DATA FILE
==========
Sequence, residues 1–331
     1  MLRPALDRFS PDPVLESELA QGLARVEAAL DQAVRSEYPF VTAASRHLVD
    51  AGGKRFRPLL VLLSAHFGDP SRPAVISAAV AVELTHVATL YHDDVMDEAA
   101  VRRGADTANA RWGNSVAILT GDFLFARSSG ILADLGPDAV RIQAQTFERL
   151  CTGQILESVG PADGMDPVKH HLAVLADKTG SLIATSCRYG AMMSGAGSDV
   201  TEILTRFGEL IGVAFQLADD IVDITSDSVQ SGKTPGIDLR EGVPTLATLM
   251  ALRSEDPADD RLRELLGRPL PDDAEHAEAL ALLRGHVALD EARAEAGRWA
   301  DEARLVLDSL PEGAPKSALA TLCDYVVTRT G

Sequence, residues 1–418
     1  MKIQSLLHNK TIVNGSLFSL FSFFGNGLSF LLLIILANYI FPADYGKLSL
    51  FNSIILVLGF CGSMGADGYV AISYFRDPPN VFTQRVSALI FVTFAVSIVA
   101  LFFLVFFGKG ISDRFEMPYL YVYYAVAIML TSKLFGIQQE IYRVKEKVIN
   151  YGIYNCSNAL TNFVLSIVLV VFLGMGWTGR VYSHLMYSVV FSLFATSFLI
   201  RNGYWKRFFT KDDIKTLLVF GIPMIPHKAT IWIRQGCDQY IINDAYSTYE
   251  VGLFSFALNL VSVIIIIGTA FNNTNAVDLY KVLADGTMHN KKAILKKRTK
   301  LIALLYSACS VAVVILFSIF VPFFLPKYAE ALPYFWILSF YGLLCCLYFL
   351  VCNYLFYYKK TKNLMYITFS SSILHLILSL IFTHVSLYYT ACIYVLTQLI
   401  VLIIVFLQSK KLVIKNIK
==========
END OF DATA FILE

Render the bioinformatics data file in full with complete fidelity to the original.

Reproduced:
Sequence, residues 1–331
     1  MLRPALDRFS PDPVLESELA QGLARVEAAL DQAVRSEYPF VTAASRHLVD
    51  AGGKRFRPLL VLLSAHFGDP SRPAVISAAV AVELTHVATL YHDDVMDEAA
   101  VRRGADTANA RWGNSVAILT GDFLFARSSG ILADLGPDAV RIQAQTFERL
   151  CTGQILESVG PADGMDPVKH HLAVLADKTG SLIATSCRYG AMMSGAGSDV
   201  TEILTRFGEL IGVAFQLADD IVDITSDSVQ SGKTPGIDLR EGVPTLATLM
   251  ALRSEDPADD RLRELLGRPL PDDAEHAEAL ALLRGHVALD EARAEAGRWA
   301  DEARLVLDSL PEGAPKSALA TLCDYVVTRT G

Sequence, residues 1–418
     1  MKIQSLLHNK TIVNGSLFSL FSFFGNGLSF LLLIILANYI FPADYGKLSL
    51  FNSIILVLGF CGSMGADGYV AISYFRDPPN VFTQRVSALI FVTFAVSIVA
   101  LFFLVFFGKG ISDRFEMPYL YVYYAVAIML TSKLFGIQQE IYRVKEKVIN
   151  YGIYNCSNAL TNFVLSIVLV VFLGMGWTGR VYSHLMYSVV FSLFATSFLI
   201  RNGYWKRFFT KDDIKTLLVF GIPMIPHKAT IWIRQGCDQY IINDAYSTYE
   251  VGLFSFALNL VSVIIIIGTA FNNTNAVDLY KVLADGTMHN KKAILKKRTK
   301  LIALLYSACS VAVVILFSIF VPFFLPKYAE ALPYFWILSF YGLLCCLYFL
   351  VCNYLFYYKK TKNLMYITFS SSILHLILSL IFTHVSLYYT ACIYVLTQLI
   401  VLIIVFLQSK KLVIKNIK